The American Heart Association (AHA) recently released three guidelines for added sugars specific to children. It is well established that eating foods high in added sugars throughout childhood is linked to the development of risk factors for heart disease and an increased risk of obesity in children.

The recommendations include:
  1. Children ages 0-2 consume no added sugars
  2. Children ages 2-18 consume no more than 6 tsp. (25 grams) of added sugar a day or approximately 100 calories
  3. Children and teens have no more than one, 8 oz. sugar-sweetened beverage per week (this does not include 100% fruit juice)

The average intake for added sugars in children is 18-22 tsp. per day. Clearly, there is room for improvement. The majority of added sugars in our children’s diets comes from sugar-sweetened beverages like soda and sports drinks, cookies, cake, and candies.  Added sugars can also be found in foods like yogurt, cereals and sauces.

While I applaud the AHA for establishing concrete sugar recommendations for children, I must honestly admit that meeting these goals isn’t easy. Even as a health-conscious mom, I know my children’s added sugar intake often exceeds these limits. Henry, who is 11 months old, has had bites of cookies and tastes of ice cream. Jack and Patrick’s school allows parents to bring in cupcakes or cookies to celebrate birthdays, and extended family members often show love through sweets.  While I know the importance of limiting added sugars, I also know the potential negative impact of being too restrictive. There must be room for “fun foods” within a diet of mostly “fueling” foods. In light of these recommendations, I have made changes to reduce added sugars in our family’s diet and this is what works for us:

1. Out of sight, out of mind.

I don’t bring many sweet foods or drinks into our home. Isn’t it easier to say, “We don’t have any soda” than “You can’t have any more soda?” I am choosy about about what comes home from the grocery store and where I place foods in the kitchen. If kids can plainly see the cookies, there is no doubt they will be asking for them. I also try to keep only one or two sweet foods in the house at a time. If we have 3 different types of cookies, the increased variety can increase consumption.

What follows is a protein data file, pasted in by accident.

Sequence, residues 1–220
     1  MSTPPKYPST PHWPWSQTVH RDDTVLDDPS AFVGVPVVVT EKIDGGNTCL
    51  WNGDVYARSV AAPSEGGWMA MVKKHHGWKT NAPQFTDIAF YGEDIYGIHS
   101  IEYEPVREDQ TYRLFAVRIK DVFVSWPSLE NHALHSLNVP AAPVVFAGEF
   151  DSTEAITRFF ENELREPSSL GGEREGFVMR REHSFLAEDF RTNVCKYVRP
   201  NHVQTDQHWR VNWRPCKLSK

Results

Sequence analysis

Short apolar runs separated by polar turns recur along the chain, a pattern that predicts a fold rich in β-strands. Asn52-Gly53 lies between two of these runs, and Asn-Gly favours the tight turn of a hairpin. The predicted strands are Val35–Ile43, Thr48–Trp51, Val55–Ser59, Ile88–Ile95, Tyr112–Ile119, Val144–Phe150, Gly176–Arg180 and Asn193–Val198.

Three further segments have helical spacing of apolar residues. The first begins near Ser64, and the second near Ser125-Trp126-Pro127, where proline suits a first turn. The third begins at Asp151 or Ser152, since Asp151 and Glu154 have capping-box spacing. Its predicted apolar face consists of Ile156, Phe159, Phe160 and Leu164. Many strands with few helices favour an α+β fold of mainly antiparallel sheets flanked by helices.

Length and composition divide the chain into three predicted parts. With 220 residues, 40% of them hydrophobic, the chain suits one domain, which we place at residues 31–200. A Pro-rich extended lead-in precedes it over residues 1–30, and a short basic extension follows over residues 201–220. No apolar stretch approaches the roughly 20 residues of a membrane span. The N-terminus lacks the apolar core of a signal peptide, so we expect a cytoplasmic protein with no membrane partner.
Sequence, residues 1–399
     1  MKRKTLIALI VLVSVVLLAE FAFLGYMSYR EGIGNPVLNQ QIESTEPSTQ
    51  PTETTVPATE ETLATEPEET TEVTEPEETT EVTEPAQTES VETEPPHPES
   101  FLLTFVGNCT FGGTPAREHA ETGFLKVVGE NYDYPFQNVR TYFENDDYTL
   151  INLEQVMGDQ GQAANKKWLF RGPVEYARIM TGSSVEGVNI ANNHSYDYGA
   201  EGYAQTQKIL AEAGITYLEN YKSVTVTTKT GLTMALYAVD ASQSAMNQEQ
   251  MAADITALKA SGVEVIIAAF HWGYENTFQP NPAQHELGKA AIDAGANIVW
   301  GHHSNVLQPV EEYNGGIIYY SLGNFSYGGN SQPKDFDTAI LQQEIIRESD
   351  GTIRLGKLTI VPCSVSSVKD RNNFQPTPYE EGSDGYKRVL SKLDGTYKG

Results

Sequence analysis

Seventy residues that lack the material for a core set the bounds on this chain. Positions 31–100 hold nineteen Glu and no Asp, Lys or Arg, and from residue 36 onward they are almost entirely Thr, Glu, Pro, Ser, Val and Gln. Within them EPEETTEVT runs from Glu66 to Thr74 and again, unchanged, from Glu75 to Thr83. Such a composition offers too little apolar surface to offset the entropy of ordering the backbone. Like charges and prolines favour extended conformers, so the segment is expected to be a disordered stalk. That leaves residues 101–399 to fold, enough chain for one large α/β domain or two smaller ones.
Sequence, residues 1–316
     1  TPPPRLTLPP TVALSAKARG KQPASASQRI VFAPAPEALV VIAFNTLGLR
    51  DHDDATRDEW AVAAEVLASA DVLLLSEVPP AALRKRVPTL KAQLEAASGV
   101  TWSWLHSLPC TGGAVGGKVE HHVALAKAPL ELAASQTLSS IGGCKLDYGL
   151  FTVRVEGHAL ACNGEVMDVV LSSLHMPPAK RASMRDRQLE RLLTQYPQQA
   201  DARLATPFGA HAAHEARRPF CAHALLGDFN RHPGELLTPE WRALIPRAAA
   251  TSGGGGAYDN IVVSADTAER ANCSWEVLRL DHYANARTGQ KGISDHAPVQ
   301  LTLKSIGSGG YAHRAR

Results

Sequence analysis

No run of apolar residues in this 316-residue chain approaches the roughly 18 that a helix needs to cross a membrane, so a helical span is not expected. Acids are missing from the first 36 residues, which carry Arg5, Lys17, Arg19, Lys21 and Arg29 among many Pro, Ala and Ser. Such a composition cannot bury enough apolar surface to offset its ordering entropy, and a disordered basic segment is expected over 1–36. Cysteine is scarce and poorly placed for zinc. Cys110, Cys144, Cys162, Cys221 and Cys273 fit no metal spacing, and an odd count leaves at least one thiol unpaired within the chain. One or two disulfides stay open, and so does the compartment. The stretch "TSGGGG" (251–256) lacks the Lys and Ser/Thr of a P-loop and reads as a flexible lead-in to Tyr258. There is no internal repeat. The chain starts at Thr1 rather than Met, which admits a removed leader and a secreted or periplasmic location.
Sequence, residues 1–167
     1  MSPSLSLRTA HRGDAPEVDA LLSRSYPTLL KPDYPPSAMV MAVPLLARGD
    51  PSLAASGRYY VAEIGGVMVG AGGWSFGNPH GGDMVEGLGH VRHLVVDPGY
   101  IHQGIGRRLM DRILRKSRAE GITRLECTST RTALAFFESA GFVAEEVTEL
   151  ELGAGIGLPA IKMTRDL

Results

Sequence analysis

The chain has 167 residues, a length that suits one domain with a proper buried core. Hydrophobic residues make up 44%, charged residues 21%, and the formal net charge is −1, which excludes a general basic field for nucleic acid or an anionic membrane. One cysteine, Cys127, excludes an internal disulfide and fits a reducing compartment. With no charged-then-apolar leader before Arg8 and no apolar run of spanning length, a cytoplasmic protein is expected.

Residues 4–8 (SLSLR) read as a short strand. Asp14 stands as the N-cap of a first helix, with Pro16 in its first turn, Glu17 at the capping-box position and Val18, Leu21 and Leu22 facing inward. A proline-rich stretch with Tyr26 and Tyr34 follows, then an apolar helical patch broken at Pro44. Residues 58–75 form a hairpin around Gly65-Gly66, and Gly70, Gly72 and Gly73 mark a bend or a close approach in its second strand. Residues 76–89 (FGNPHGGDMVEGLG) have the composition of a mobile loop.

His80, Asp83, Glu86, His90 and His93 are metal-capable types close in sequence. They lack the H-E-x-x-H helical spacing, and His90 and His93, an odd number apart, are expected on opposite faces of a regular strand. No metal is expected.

2. Focus on fruit.

We are all born with the innate desire for sweet. However, tastebuds can be trained, and we have the power to shape our children’s food preferences at an early age. I often offer fruit as dessert, but the catch is to make fruit-based treats fun such as a trail mix with chocolate chips, bananas dipped in chocolate pudding or strawberries topped with cool-whip.

Dips are an ideal way to get kids excited about fruit as well. Our favorite apple dip combines 2 Tbsp. plain Greek yogurt, 1 tsp. unsweetened cocoa powder, 1 tsp. honey, and 1 Tbsp. peanut butter.

3. Don’t deprive.

Studies have shown that when kids are restricted from eating cookies or other snack foods, their desire to eat the snacks increases, and they are likely to overeat them every chance they get. Our role as parents is not only to offer healthy foods, but also to help them establish a healthy relationship with food. How often sweets are offered is personal decision, but as mentioned in my sweet treat interview with eating disorder expert, Shannon Buescher, she recommends offering a sweet food daily! Giving permission to enjoy these foods on a regular basis (but not used as a reward/or taken away as a punishment) helps children to establish a healthy relationship with food.

Keep making small improvements.

Let’s start with an honest assessment of the major contributors of added sugar in our children’s diet. Do they drink a lot of soda or sports drinks? Do they have sweets after every meal? Do grandma and grandpa need to be reminded that giving out so many sweets reduces the opportunity for mom and dad to enjoy treats with the kids? The next step is to make small improvements like offering more fruit or selecting the yogurt with less sugar.

The release of these guidelines has caused me to make small changes in our family, but don’t be surprised if you see us at the ice cream store. There IS room for fun foods, and rest assured, we probably just finished a healthy meal before we left the house!

Jennifer McDaniel

Jennifer McDaniel is a Registered Dietitian, Media Spokesperson, and co-author of Prevention's Mediterranean Table Cookbook. She and her team of Registered Dietitians aim to help their clients go further, make change last, and unlock their potential. She lives in St. Louis, MO with her husband, and three young sons. If you are interested in working with Jennifer, please visit our contact page.